Make no mistake -- Andy Reid sat down hard on rookie wideout DeSean Jackson after that display of arm-waving frustration last Sunday at Washington, followed by the end-zone drop of what would have been the game-tying TD pass in the final minute.
Had to hurt a little, too; DeSean's a skinny little fellow, who took a big hit in the ribs during the game. You have to figure Big Red comes up somewhere close to three times Jackson's body weight these days.
Marty Mornhinweg addressed the matter with reporters Thursday, and Reid was asked about it Friday, as the Eagles held an abbreviated practice in preparation for Sunday's season finale against the Cowboys.
"This past game, you're saying? He needs to do better, whether you're a rookie or not a rookie," Reid said. "You need to do better. When you have an opportunity to make a play, you make a play. There are no excuses for it. He won't give you any excuses. He has always been a big-time player in big-time situations. He will do that here. It didn't work out for him on Sunday. You have to learn from it and move on and do better this week."
Jackson, with 60 catches for 866 yards, is three yards shy of tight end Keith Jackson's franchise rookie receiving yardage record. Keith Jackson caught 81 passes in 1988, so DeSean isn't getting that mark, but 60 is the most ever by an Eagles rookie wideout.
Nobody foresaw Jackson being this important to the offense when the season began. And that might not be entirely a good thing; the Birds, short on game-changing weapons, have needed every catch and every yard the rookie could provide, and they could have used even more.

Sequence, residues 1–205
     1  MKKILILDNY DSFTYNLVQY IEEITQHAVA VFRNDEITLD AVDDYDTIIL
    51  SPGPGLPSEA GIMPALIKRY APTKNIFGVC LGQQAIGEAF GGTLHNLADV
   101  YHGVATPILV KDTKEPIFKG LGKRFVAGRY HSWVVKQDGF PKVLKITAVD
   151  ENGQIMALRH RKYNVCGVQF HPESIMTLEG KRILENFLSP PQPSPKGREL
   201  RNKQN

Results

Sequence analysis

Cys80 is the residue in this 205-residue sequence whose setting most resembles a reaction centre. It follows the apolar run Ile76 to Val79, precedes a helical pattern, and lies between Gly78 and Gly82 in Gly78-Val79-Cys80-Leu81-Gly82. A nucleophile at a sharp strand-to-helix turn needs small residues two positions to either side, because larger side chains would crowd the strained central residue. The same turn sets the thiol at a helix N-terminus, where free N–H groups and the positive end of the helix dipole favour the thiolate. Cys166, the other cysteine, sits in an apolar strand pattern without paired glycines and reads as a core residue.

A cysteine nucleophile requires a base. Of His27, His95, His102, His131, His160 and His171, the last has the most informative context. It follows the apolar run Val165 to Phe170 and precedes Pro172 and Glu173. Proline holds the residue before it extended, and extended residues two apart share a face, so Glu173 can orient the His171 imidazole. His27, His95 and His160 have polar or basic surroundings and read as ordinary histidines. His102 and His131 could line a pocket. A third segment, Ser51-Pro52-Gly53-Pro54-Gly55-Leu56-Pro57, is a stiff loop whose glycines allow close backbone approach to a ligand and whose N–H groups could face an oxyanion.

"I am being held to a higher standard than everybody else," Jackson said Friday, agreeing with a questioner's premise. "I don't have a choice; I've just got to bow up and handle my business like I need to."
Asked what he'd learned from the experience, Jackson said: "One play at a time. If I'm open or something like that, I can't really get too excited. I've just got to stay calm and wait for the one play to come. You never know when that one play will come. That was the biggest thing last week. I kind of felt I was open a couple of times, they didn't get me the ball, then at a crucial time, it kind of came to me, and my mind was kind of messed up. So it was just basically the mindset; I've got to just know how important one play is. One play can be a big difference.
"I'm the type of person, I kind of held that on myself. I didn't blame it on anybody else, or didn't say that what they've been having me do all year's been too much for me. People don't really realize, what I've done this year has definitely been a big step for me. But you know, it's just one step, and we're going to just keep moving forward."
Finally, someone asked the question that had been hanging in the air during Jackson's remarks. Has too much been expected from the second-round draft pick from Cal, as the punt returner and the leading receiver?
"Overall, that is the case, but with being myself, it's not (more than) I'm able to do," Jackson said. "I can just go out there and do what I can do. If they ask me to do something, and I feel it's too much, I'm not the person to say, 'No, I can't do this.' or 'This might be too much.' Me and (wide receivers) coach (David) Culley, we talked about it. He kind of said, 'We have been doing too (many) things with you, but we don't have a choice, you're our playmaker. That's the role that I had to choose. I've just got to go out there and do what I do ... make plays and help this team win football games."
Jackson said he "wanted everything they threw my way -- the success, to help the team, to show everybody I'm not too small, things like that. It definitely worked both ways."